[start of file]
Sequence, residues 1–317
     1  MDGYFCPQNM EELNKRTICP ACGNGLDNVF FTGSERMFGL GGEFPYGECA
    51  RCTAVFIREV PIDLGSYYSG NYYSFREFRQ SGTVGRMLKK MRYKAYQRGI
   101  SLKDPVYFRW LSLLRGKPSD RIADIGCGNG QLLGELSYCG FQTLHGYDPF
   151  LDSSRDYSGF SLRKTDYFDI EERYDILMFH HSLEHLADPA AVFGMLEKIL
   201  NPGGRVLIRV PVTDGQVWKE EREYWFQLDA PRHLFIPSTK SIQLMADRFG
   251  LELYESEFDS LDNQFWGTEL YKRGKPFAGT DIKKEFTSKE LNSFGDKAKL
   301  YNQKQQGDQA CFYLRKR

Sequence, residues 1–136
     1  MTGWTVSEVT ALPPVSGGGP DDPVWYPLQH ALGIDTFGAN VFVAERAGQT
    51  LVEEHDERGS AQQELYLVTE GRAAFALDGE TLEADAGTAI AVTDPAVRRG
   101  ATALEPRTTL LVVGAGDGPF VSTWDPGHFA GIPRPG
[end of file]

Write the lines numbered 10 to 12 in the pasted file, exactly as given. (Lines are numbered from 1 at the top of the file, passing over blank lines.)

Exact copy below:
     1  MTGWTVSEVT ALPPVSGGGP DDPVWYPLQH ALGIDTFGAN VFVAERAGQT
    51  LVEEHDERGS AQQELYLVTE GRAAFALDGE TLEADAGTAI AVTDPAVRRG
   101  ATALEPRTTL LVVGAGDGPF VSTWDPGHFA GIPRPG